Korean border railway station represents staging post on journey to peace

18-Sep-2018 Intellasia | South China Morning Post | 6:00 AM Print This Post

“We want to be back on track.”

A sign on the platform at the dead-end railway station, near the southern side of the heavily fortified border between the two Koreas, spoke on behalf of many ahead of the inter-Korean summit on Tuesday.

Baengmagoji station, located about 100km northeast of Seoul, is South Korea’s northernmost station on the Gyeongwon line. It was originally an intermediate station after the 1914 completion of the line a 223km railway connecting the South’s capital to the east-coast port city of Wonsan in North Korea but was left as a de facto terminus in 1945, when the two Koreas were first divided.

A black sign indicating the end of the track and a yellow concrete barricade mark the dead end preventing passengers travelling further north. The black military trench nearby serves as a reminder that a formal end of hostilities has yet to be secured for the Korean peninsula.

But the barricade is at odds with the wishes to be reunited that are in evidence around it. South Koreans have left notes and written poems at the scene, expressing their desperate hope for reunification.

“Lord, we pray for reunification of North and South Korea … and breaking of this border,” reads a message written on a green butterfly-shaped note attached to the platform sign.

A blue postbox The Northern Sky Post Box placed outside the waiting area, which invites letters from South Koreans wishing for reunification, provides another reminder of hopes of reconciliation.

“The train once again screams out that it wants to be back on track. Yet there is nothing she can do except for stand still at the tip of the rail of sorrow, and watch the birds who can fly to the Northern sky,” reads a verse attached to the postbox, written by poet Oh Geun-seong.

South Korean president Moon Jae-in is scheduled to visit the North Korean capital to meet the North’s leader Kim Jong-un, at a time when the North and the United States are gridlocked on denuclearisation.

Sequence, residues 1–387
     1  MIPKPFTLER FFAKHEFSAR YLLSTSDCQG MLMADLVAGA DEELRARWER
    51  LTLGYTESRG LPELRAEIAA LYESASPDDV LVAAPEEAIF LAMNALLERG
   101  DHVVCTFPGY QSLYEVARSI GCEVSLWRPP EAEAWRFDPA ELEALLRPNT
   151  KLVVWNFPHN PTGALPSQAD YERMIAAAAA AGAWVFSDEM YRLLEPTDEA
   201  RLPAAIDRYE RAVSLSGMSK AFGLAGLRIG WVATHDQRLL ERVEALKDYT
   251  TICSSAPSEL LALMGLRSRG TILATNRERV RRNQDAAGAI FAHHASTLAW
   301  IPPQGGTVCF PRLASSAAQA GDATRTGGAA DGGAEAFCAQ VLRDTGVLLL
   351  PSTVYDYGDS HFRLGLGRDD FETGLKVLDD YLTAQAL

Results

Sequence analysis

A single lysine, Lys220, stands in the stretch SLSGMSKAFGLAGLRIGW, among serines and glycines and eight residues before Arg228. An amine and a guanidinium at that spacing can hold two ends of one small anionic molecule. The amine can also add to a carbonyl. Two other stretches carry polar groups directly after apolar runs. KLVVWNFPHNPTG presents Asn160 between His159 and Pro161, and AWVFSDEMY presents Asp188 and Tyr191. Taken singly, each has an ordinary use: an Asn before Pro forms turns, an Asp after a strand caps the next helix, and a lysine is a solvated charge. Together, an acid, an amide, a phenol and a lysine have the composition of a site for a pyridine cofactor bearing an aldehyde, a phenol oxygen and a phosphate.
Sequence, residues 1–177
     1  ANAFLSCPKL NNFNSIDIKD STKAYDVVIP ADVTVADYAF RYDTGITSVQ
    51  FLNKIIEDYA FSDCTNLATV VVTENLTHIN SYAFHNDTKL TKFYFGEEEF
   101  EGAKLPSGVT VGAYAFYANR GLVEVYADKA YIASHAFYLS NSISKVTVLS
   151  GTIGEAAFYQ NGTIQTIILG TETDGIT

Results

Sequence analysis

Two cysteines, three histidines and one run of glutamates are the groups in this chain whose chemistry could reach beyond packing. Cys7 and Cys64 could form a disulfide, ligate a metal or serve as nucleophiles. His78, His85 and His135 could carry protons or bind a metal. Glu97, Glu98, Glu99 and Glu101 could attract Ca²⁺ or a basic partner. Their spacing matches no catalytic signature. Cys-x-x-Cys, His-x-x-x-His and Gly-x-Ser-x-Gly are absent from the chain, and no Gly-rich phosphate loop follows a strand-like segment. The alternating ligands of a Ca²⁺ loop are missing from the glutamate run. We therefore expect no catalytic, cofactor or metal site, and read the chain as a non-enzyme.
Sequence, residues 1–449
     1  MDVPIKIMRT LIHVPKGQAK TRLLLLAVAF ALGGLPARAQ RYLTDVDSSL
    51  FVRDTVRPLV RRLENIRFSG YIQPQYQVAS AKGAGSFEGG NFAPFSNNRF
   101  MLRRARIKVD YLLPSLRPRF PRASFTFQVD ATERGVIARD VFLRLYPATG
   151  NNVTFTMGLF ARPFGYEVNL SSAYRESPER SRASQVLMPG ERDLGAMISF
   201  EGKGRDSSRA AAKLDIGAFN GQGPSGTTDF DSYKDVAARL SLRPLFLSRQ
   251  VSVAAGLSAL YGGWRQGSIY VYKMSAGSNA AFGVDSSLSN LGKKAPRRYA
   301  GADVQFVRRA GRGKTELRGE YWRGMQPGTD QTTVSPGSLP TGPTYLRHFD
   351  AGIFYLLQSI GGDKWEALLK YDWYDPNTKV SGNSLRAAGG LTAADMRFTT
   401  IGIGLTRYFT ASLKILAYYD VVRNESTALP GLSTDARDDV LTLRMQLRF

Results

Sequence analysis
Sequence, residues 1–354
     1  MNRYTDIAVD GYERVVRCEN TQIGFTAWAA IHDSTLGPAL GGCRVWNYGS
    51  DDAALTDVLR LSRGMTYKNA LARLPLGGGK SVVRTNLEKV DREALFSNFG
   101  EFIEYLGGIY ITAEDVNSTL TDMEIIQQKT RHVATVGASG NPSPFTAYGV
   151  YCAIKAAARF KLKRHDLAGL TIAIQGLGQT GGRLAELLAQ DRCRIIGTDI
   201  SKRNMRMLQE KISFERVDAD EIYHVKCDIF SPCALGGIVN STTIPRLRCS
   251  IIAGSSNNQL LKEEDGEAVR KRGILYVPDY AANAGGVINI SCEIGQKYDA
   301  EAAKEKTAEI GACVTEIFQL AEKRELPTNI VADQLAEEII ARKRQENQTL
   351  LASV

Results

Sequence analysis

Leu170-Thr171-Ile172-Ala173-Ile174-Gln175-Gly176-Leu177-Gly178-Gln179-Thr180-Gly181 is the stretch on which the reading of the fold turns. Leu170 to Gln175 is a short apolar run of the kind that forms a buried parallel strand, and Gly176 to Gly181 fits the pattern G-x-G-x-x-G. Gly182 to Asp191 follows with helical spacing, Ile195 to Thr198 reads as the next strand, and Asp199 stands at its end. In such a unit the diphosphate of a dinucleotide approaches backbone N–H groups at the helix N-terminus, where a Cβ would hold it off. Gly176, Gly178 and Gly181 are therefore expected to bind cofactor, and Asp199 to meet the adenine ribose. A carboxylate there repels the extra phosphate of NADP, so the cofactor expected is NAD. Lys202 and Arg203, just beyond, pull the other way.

The rail link is at the core of Moon’s ambition to connect the two Korean economies, a plan to open up his reclusive neighbour to the world. At Panmunjom on April 27, Moon handed a USB drive containing a blueprint for economic integration to Kim.

The proposal, “New Economic Map of the Korean Peninsula”, includes the creation of three economic belts: one connecting the western coastal railway of the Korean peninsula to China, one connecting its eastern coastal railway to Russia for energy cooperation, and one on the current border to promote tourism.

The Gyeongwon line named as a fusion of Seoul’s old name Gyeongseong and its North Korean end point Wonsan runs through the centre of this plan, because it connects the western and eastern lines via Seoul.

South Korea launched the line’s restoration in 2015, but work was suspended the following year because of worsening relations between the two Koreas.

However, the project has resumed in South Korea as the railway has become a symbol of inter-Korean reconciliation. Improvements to the railroad bridge between Yeoncheon and Baengmagoji have been under construction since early July, with the ultimate aim of reconnecting the line with the North.

If the Gyeongwon line’s restoration is completed, it will enable transportation of goods from Gangwon province in eastern South Korea to Japan via Wonsan, and restore its function as a logistics route, which it was before the division of the Koreas.

Yet as moves are made towards reconciliation, Park Ok-hee, a tour guide at the station, said the area still carries many scars from the past.

“Before the Korean war, this area was occupied by the North Koreans, and many historic sites show the area was a heavy battleground,” Kim said.



Category: Korea

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